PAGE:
Ex-chancellor Gerhard Schröder: 'Kremlin willing to negotiate'

Ex-chancellor Gerhard Schröder: 'Kremlin willing to negotiate'
Gerhard Schröder. Credit: Belga

German ex-chancellor Gerhard Schröder may have fallen from grace in his home country but he has yet to change his views on Russia. After visiting Moscow last week, he sees an opportunity for a truce between Russia and Ukraine.

Schröder is paid €1 million a year by Russian-controlled companies. In addition to his position as chairperson of the Nord Stream 2 pipeline, he was earlier this year also nominated to Russian energy giant Gazprom's board. Russia's invasion of Ukraine hasn't induced him to review that relationship, which is in part responsible for Germany's dependency today.

However, Russia's invasion of Ukraine was a "mistake", Schröder admitted in the German paper Stern. He added that the Kremlin is willing to negotiate after speaking with Russian President Vladimir Putin last week.

Russia's conditions for dialogue

The Kremlin is willing to sit at the negotiating table if three conditions are met, Schröder says. Ukraine must drop its claims to Crimea, as well as NATO aspirations. Moreover, special rights must be given to the Russian-speaking population in the eastern Donbas region, although the area can remain part of Ukraine.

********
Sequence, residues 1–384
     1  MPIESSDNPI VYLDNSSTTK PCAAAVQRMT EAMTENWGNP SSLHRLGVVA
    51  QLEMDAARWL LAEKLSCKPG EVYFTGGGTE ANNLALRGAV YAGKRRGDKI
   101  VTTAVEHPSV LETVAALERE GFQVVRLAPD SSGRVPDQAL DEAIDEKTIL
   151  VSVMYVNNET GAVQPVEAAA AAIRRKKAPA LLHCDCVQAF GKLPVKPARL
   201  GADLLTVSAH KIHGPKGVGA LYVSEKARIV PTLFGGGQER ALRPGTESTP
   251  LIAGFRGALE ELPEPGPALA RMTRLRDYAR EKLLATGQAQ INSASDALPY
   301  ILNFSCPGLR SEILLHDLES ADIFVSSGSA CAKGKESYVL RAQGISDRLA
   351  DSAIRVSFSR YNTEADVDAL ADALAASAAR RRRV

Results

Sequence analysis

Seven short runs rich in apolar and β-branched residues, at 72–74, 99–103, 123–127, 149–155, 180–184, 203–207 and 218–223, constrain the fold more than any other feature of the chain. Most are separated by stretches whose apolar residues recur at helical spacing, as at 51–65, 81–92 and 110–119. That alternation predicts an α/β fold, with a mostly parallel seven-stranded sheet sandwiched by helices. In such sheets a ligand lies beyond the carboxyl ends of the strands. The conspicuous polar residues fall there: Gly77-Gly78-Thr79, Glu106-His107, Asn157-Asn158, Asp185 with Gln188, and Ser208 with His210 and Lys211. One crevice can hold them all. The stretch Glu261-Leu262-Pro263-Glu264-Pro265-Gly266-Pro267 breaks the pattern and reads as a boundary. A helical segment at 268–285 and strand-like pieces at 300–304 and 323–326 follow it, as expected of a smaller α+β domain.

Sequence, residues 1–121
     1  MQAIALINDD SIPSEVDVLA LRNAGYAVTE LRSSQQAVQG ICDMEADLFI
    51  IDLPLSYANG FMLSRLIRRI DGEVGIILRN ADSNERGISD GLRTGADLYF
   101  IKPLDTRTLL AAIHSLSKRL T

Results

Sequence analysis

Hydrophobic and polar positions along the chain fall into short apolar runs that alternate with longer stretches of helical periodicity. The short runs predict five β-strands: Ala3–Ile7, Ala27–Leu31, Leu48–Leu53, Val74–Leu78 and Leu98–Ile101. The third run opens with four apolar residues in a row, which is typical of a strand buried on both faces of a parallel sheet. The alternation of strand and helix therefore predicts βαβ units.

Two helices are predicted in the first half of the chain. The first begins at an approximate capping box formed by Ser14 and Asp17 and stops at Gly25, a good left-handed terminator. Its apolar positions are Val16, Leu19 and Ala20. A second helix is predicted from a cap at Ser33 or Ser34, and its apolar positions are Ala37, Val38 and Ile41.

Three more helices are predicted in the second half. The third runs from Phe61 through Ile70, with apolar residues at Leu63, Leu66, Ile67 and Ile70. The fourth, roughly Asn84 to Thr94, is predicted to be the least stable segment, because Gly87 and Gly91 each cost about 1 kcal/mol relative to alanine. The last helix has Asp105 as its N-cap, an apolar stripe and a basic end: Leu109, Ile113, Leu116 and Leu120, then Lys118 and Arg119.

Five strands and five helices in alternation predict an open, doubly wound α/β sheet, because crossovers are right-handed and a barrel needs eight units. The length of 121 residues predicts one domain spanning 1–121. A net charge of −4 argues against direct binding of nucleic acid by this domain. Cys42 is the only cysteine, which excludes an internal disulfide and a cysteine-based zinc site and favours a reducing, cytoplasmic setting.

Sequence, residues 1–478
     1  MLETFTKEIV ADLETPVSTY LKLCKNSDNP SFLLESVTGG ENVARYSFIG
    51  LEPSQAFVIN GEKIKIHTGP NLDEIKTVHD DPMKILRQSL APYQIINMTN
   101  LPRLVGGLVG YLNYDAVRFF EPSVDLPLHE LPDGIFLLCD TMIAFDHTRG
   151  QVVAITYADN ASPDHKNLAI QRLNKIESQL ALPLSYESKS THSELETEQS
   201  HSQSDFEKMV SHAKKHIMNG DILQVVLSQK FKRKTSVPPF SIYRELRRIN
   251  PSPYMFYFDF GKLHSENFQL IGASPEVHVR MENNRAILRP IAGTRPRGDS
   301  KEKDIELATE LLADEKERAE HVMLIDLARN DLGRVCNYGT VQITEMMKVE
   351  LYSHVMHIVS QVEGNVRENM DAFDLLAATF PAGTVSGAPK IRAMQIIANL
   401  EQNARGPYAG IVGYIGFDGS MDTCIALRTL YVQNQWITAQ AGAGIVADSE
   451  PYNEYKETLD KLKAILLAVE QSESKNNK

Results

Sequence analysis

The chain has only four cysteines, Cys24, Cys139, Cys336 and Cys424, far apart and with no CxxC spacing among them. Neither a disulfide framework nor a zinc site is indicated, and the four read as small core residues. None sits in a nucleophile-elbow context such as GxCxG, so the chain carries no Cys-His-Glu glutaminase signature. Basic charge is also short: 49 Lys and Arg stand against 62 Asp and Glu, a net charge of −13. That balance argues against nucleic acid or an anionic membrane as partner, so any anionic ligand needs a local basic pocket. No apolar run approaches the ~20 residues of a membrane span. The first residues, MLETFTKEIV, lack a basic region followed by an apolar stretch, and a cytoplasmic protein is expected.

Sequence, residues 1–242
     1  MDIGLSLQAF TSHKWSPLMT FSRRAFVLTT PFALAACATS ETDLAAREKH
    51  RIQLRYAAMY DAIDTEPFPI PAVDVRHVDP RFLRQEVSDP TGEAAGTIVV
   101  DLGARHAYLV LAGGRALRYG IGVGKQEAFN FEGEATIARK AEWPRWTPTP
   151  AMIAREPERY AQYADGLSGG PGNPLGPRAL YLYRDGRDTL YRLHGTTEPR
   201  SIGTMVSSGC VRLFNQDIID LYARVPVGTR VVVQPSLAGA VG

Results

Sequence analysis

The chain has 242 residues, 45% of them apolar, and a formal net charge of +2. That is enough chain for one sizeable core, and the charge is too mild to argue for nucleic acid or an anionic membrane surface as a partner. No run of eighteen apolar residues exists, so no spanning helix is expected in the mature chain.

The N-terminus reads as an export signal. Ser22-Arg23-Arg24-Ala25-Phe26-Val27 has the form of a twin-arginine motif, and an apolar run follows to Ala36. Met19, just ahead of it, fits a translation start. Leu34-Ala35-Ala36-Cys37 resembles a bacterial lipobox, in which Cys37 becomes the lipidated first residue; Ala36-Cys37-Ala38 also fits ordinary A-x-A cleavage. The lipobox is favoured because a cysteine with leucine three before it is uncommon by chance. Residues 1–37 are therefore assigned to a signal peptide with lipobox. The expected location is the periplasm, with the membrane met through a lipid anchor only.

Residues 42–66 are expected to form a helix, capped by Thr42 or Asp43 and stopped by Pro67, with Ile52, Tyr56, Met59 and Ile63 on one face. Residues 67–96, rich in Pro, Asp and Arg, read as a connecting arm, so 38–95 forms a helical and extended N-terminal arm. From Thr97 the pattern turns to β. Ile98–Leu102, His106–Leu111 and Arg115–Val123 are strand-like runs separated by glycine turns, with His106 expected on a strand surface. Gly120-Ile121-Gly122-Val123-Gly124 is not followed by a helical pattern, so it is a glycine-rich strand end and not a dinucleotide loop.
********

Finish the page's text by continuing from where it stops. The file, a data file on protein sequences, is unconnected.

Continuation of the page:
He cited a model similar to Switzerland, with cantons that have relative autonomy. Whether Putin would actually agree to these terms "remains to be seen".

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"That the Kremlin is open to a negotiated solution is good news," said Schröder, eyeing an opportunity to end the war if both parties are prepared to make concessions.

Schröder proposed that Turkey act as broker, as it has already to enable grain exports through the Black sea. "That grain deal was the first success," said Schröder. "Maybe we can build on that to slowly reach a truce."

German energy dependance

Schröder claims that a gas crisis can be prevented if the Nord Stream 2 pipeline is commissioned, as planned before Russia's invasion.  The ex-chancellor doesn't believe that Europe's south will save energy to help Germany, which depends so much on Russian gas.

The ex-Chancellor's views are increasingly a liability for Germany's Social Democrats, of which Chancellor Olaf Scholz is a member. Schröder remains a member of SPD but the party plans on revoking his membership. The German parliament wants to strip the ex-chancellor of parliamentary privileges as anger over his unrepentant ties to Russia grows.

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